Following the announcement of our Coffee Farmer Resilience Fund in July, many people have asked how the fund differs from our Coffee Farmer Resilience Initiative, launched last November. In short, the Coffee Farmer Resilience Fund is a component of the larger Coffee Farmer Resilience Initiative that channels private-sector funding, matched by the public sector and philanthropic sources, for targeted supply chain investments at the base of the supply chain. The diagram above is designed to illustrate the interplay between the two, and the text below explains the impetus and rationale for each.
Last year brought tremendous challenges to the coffee industry. The coffee price fell precipitously in 2013, and extreme weather in Latin America exposed longstanding vulnerabilities of smallholder coffee farmers: historic underinvestment in agriculture, aging coffee trees and farmer populations, emigration and other factors. The erratic weather – abnormal rains and extended dry periods – set the stage for a coffee fungus called leaf rust, or roya, to take hold, and it ravaged its way through the coffee lands, carrying major economic disruption in its wake.
Root Capital’s response to the crisis was the Coffee Farmer Resilience Initiative (CFRI), a multifaceted approach to helping our clients invest in coffee farmers at the base of the value chain. We immediately identified philanthropic partners in the Multilateral Investment Fund of the Inter-American Development Bank, Keurig Green Mountain and the Skoll Foundation to provide core operating support for Root Capital’s three-pronged strategy to build long-term resilience for our clients in Latin America. Since launching last November, we have approved $7.1 million in long-term loans for coffee renovation under the CFRI in Peru and Nicaragua.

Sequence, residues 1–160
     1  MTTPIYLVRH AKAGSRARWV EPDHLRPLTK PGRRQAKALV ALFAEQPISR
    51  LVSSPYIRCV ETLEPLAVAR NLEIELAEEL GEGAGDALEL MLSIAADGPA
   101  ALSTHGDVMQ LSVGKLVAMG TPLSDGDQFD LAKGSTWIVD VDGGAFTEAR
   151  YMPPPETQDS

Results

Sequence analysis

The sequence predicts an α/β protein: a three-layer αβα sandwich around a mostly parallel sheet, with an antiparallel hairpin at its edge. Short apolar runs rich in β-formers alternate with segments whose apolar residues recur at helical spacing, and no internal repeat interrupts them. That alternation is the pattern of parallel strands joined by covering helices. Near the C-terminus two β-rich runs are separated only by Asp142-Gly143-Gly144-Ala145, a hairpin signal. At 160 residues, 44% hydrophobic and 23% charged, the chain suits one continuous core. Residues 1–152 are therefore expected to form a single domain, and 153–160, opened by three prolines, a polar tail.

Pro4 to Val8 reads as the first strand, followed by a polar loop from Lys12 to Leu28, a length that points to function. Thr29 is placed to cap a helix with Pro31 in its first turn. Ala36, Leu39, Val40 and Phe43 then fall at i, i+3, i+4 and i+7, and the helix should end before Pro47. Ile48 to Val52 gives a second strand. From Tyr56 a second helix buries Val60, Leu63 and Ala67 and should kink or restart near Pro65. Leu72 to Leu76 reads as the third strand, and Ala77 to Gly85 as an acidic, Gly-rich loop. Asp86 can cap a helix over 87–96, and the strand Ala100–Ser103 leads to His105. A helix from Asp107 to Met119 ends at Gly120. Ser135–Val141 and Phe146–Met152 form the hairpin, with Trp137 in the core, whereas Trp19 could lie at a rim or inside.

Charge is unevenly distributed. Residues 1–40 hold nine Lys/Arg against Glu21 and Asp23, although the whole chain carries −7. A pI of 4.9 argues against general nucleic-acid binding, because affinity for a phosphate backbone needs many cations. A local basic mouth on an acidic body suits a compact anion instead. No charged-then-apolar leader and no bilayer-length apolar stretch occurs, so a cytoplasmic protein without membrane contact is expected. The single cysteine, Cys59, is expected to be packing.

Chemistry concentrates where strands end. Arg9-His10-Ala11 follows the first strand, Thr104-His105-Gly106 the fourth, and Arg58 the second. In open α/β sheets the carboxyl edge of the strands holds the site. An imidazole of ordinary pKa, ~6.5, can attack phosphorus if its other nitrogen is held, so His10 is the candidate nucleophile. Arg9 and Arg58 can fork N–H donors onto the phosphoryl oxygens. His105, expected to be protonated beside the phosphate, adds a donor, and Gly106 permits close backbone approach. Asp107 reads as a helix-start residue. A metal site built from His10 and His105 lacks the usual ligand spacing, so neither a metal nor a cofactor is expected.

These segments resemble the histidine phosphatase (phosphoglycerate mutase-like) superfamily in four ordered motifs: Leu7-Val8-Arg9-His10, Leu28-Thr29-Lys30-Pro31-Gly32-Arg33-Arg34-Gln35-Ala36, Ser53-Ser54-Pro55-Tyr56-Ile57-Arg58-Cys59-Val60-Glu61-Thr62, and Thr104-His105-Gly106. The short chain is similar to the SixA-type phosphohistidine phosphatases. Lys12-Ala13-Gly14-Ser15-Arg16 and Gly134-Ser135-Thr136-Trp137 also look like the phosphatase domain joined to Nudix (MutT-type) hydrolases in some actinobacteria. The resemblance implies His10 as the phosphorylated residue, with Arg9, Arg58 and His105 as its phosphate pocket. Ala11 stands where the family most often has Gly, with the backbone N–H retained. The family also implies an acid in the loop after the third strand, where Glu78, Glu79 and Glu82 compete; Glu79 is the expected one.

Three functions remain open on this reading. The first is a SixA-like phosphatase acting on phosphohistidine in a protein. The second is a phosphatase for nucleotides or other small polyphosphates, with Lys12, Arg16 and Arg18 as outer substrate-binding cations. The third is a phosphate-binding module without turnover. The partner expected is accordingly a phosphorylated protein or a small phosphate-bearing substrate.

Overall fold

However, as the coffee industry took stock of the effect of roya on farm families and supply chains, we also started to hear from buyers who, motivated both by moral obligation and a recognition of the need for investment to secure long-term supply of quality product, were looking for ways to get involved. Many buyers and other industry partners gravitated towards Root Capital’s CFRI, but they wanted a way to engage beyond philanthropy. Looking to have their dollars go further than one-time charitable gifts, they were seeking an investment approach grounded in capital markets, value chains and long-term supply chain sustainability.
In speaking with these industry partners and others engaged in the issue, we saw an opportunity to create the $4 million Coffee Farmer Resilience Fund, a funding mechanism under the broader CFRI that directs private-sector dollars from Keurig Green Mountain, Cooperative Coffees, matched with funding from the public sector and philanthropic sources, namely USAID, the DOEN Foundation and Open Road Alliance, to value chain investments with farmer organizations affected by roya. Essentially, this is an investment in the supply chain from the supply chain.
Working with industry leaders, policy makers, development practitioners, and visionary foundations, Root Capital has brokered a public-private partnership designed for coffee farmers and industry partners alike to build resilience and prepare for what lies ahead. As we move into the challenging phase of implementation, we’re grateful to have the support of these partners throughout the value chain.